An organisation’s stakeholders do not just show up in annual general meetings anymore, they are tracking the company’s activities every single second. The online penetration in every industry – big or small, has rendered a strong online presence imperative for every business. In fact, if a business wants to succeed in the current market, they are left with little choice but to have a social footprint in the form of social media.
What makes social media of such extreme importance is the fact that it is being harnessed not just by the brand’s customers each day, but also by the company’s own employees – in a way to strengthen the company’s unified voice.
Almost half the employees, 47% to be exact, use social media to connect with the customers, which is only slated to grow in the coming future. Imagine such a huge number talking, tweeting and commenting via different social media channels about a particular brand, without any set guidelines! There could be ten different legal repercussions of one single statement, when it comes to social media usage, including productivity, privacy infringement, and a host of other legal matters.
What’s alarming is also the fact that while 74% of adults indulge regularly on social media, almost 73% of the companies do not yet have a social media policy in place! Social media has no doubt become a necessity, but so is having a social media policy for employees because,one poorly timed or worded message by the employee can totally tarnish your brand reputation.
Let’s look into how organisations can mitigate such risks by charting out their own social media policy, what should be its components, and how it can be implemented.
The ‘How’ and ‘Why’ of Creating a Social Media Policy for Your Organisation
What is a Social Media Policy?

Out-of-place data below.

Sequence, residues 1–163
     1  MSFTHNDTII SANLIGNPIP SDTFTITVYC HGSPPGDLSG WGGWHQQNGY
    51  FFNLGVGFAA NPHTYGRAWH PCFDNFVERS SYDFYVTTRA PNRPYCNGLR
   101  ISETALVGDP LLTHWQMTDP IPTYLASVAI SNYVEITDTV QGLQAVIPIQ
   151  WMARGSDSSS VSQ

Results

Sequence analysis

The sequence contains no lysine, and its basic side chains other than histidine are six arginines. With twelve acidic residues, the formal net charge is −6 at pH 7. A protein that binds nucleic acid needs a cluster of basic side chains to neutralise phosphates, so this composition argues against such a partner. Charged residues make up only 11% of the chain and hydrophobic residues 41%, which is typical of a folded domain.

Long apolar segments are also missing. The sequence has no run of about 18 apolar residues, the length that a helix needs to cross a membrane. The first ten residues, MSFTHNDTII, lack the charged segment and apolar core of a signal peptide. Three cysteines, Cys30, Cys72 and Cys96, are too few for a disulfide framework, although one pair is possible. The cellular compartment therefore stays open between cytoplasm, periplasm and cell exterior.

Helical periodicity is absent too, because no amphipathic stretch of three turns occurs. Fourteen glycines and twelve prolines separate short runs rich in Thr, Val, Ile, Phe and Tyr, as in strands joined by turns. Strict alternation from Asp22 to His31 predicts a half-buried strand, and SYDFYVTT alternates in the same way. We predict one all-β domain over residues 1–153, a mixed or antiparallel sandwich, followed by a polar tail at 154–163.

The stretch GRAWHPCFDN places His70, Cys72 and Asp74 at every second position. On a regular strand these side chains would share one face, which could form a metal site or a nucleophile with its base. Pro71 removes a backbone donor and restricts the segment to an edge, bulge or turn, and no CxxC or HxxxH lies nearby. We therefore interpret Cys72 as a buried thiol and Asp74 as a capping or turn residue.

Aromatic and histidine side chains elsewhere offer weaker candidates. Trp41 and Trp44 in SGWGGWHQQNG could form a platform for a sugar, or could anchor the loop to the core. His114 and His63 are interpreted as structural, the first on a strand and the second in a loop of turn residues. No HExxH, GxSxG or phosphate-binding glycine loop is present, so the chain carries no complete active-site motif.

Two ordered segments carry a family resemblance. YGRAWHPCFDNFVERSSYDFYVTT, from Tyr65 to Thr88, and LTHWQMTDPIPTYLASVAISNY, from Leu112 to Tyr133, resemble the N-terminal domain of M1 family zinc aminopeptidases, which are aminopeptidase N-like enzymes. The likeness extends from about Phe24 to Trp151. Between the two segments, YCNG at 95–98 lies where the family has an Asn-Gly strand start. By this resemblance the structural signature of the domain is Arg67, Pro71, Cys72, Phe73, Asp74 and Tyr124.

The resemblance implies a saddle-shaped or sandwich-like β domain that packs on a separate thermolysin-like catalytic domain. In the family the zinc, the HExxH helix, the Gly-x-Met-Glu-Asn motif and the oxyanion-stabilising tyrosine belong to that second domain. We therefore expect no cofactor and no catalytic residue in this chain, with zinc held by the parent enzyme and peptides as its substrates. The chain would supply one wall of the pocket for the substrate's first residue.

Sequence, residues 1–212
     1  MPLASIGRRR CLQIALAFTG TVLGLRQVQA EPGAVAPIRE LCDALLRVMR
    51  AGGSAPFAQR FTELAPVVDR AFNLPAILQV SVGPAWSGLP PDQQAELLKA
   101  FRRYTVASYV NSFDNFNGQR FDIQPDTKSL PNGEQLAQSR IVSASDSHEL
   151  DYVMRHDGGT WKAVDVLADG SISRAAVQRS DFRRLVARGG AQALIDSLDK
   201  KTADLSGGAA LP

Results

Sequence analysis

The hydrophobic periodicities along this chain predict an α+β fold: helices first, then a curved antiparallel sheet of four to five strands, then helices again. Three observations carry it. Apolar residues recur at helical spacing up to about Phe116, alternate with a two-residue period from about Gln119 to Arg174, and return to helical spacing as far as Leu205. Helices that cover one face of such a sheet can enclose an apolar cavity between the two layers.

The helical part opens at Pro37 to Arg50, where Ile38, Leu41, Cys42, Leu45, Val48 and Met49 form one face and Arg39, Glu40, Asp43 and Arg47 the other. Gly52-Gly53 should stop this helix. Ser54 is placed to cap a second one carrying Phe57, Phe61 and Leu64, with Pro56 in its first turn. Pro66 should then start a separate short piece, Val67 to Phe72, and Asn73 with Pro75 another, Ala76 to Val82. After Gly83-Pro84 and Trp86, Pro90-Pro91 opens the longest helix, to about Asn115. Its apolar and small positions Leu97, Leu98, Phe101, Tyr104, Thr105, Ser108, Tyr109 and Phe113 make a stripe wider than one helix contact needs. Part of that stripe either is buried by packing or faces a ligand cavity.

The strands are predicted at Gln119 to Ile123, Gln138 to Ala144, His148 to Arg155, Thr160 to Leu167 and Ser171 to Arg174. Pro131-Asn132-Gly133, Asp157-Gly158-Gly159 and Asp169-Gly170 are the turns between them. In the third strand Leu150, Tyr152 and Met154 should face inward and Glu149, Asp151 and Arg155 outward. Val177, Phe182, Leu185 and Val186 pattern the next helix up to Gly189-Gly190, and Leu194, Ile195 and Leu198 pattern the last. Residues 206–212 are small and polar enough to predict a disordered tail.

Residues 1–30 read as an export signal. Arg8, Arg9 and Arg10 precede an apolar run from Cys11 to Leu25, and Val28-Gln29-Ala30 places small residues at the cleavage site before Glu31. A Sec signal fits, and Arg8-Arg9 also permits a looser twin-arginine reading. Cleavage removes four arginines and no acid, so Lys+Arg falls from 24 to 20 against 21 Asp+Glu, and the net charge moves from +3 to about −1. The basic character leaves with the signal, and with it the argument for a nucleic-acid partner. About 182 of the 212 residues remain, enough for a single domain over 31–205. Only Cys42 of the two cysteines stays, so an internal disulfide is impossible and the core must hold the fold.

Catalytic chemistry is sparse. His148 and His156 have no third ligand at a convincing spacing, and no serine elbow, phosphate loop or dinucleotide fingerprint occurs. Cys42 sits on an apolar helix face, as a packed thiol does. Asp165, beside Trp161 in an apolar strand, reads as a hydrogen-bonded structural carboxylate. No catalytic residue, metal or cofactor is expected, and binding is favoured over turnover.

A Social Media Policy is a go-to document that lets a new hire or even a seasoned social media professional understand what an organisation’s policies are when it comes to handling different official channels on social media. It is a document stating guidelines to the employees regarding the company’s social media use.
There are certain best practices to be followed when drafting a social media policy; it should be comprehensive, without being too broad and must be readily understood by all employees. It is a legal and official document that includes details regarding content that can be posted to the internet by the employees, either as a part of their job or even on the personal front.
Even if an organisation has been lucky enough to not face a major social media crisis yet, in no way companies can take a passive stand in terms of the same. There are always other risks, such as underplaying your online market potential and letting potential revenue sources go untapped. Besides that, there are a few compelling reasons which favour having a social media policy:
1. Empowers Staff:
It is a good sign if your employees are active on social media and particularly on your official channels;it helps tremendously in brand amplification. However, with a set of clear guidelines, you can multiply this effect even further by helping them understand how they can use social media to promote a positive brand image. Ensure they have the answers to the following questions before they even start to interact on the company’s social media:
- Who is allowed to speak on behalf of your brand?
- How to maintain the right voice on social media?
- How to set privacy settings appropriately?
- Which topics and information are restricted?
For example, the social media policy of ‘Best Buy’ restricts its employees to disclose information that is financial, operational and legal in nature as well as any information that pertains to clients and customers.
2. Protect Company Reputation:
There could be various issues that may arise for a brand such as labour relations issues, employee/client confidentiality, miscommunication, spamming etc. A social media policy is like a protection net, which defends an organisation against security risks and legal issues.
Firstly, employees should know exactly how to engage with potential customers online, which is the base of forming a social media policy in the first place. Secondly, they should also understand that any employee conducting themselves negatively, will also promote a negative image of your brand, making it very difficult for the company to grow.
For example, when employees know exactly which information can or cannot be shared, brands are automatically safeguarded from online scams and hackers, and against leaking of sensitive company data. A social media policy then serves as an important tool, which helps keep the dangers of sharing online content at bay as well as keep your employees out of trouble.